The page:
Magazine article National Forum

"Cavemen Used Music like Phones"

Magazine article National Forum

"Cavemen Used Music like Phones"

Article excerpt

When I learned that the theme for this issue was "Origins," my typical academic's response was to immediately consult the Historical Anthology of Music. Volume One of the anthology boasts of the inclusion of musical examples "from the beginning" through 1800. "The beginning" refers to examples of extant pieces that have survived, usually in fragments, through the millennia. The Anthology begins with a Chinese Entrance Hymn for the Emperor that dates from circa 1000 B.C. and quickly moves through ancient Japanese, Siamese, Hindu, Arabian, and Jewish fragments. The next example and by far the most complete is the famous First Delphic Hymn. This is one of twenty Greek pieces to have survived and dates from circa 138 B.C. From there the Anthology moves into early Gregorian chant, and the rest, as they say, is history ... at least music history.

Then I pulled out Plato and read some of his penetrating arguments about the nature and place of music in the educational scheme and in life in general. Both of the following excerpts are from The Collected Dialogues of Plato (ed. by Edith Hamilton and Huntington Cairns):

So much of music as is adapted to the sound of the voice and to the sense of hearing is granted to us for the sake of harmony. And harmony, which has motions akin to the revolutions of our souls, is not regarded by the intelligent votary of the Muses as given by them with a view to irrational pleasure, which is deemed to be the purpose of it in our day, but as meant to correct any discord which may have arisen in the courses of the soul, and to be our ally in bringing her into harmony and agreement with herself, and rhythm too was given by them for the same reason, on account of the irregular and graceless ways which prevail among mankind generally, and to help us against them ... (Timaeus).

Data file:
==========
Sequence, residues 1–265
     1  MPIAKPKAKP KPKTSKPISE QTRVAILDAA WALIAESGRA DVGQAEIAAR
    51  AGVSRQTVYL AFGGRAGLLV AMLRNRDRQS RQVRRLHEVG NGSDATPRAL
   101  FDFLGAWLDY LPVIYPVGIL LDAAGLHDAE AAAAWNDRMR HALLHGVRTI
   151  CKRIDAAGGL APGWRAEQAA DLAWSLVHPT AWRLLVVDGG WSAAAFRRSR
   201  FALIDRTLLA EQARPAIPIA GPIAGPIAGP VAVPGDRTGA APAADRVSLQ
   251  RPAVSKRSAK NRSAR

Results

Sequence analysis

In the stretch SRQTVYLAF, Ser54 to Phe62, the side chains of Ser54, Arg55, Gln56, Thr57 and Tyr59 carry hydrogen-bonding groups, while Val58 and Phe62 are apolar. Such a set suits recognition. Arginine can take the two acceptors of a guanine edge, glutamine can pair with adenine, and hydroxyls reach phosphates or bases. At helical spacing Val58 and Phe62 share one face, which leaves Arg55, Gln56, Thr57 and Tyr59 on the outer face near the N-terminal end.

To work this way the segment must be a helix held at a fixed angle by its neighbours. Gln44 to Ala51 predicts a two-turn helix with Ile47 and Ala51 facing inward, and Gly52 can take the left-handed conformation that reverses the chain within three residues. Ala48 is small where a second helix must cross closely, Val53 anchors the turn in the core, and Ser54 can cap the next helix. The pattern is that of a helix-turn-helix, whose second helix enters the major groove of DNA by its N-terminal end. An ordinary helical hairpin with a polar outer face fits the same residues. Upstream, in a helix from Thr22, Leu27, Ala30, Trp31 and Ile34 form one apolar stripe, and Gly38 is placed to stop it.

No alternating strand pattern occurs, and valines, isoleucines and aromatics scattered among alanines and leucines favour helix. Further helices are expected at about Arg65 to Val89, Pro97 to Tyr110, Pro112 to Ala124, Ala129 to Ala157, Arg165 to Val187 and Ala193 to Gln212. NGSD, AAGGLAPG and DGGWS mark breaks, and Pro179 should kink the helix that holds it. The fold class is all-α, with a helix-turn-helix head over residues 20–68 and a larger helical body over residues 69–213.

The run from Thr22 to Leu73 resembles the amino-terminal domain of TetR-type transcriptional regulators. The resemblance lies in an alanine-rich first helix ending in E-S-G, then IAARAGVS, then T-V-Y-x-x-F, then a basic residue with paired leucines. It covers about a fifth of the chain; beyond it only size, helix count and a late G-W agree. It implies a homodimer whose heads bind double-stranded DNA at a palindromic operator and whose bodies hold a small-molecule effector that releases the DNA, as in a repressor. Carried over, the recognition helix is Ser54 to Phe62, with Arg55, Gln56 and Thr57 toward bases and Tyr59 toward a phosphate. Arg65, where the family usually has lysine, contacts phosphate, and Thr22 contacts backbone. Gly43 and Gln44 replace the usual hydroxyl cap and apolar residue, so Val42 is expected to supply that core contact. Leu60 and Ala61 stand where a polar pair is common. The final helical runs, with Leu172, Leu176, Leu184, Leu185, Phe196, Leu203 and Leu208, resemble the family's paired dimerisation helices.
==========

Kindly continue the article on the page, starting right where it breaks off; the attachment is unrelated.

... that education in music is most sovereign, because more than anything else rhythm and harmony find their way to the inmost soul and take strongest hold upon it, bringing with them and imparting grace, if one is rightly trained, and otherwise the contrary? (Republic: III).

How scholars have pieced together "origins" of music is fascinating stuff for musicologists, serious musicians, and lovers of history. However, it suddenly seemed so arcane to me. Perhaps it is because I spend so much time as an educator instructing would-be teachers about elementary music. Or perhaps it is because, as a mother of a toddler, I live immersed in the musical strains of "I-love -you/you-love -me" and other such Barneyisms. Either way, felt a need to connect to a more rudimentary view of the origins of music. I wanted to hear simpler, even more fanciful explanations on how music came to be. And I know from my years as an elementary teacher that when you want originality, check with the kids.

So, I asked the music teacher of my niece's fifth-grade class at Northville Elementary School in New Milford, Connecticut, to pose the question "where did music come from? …

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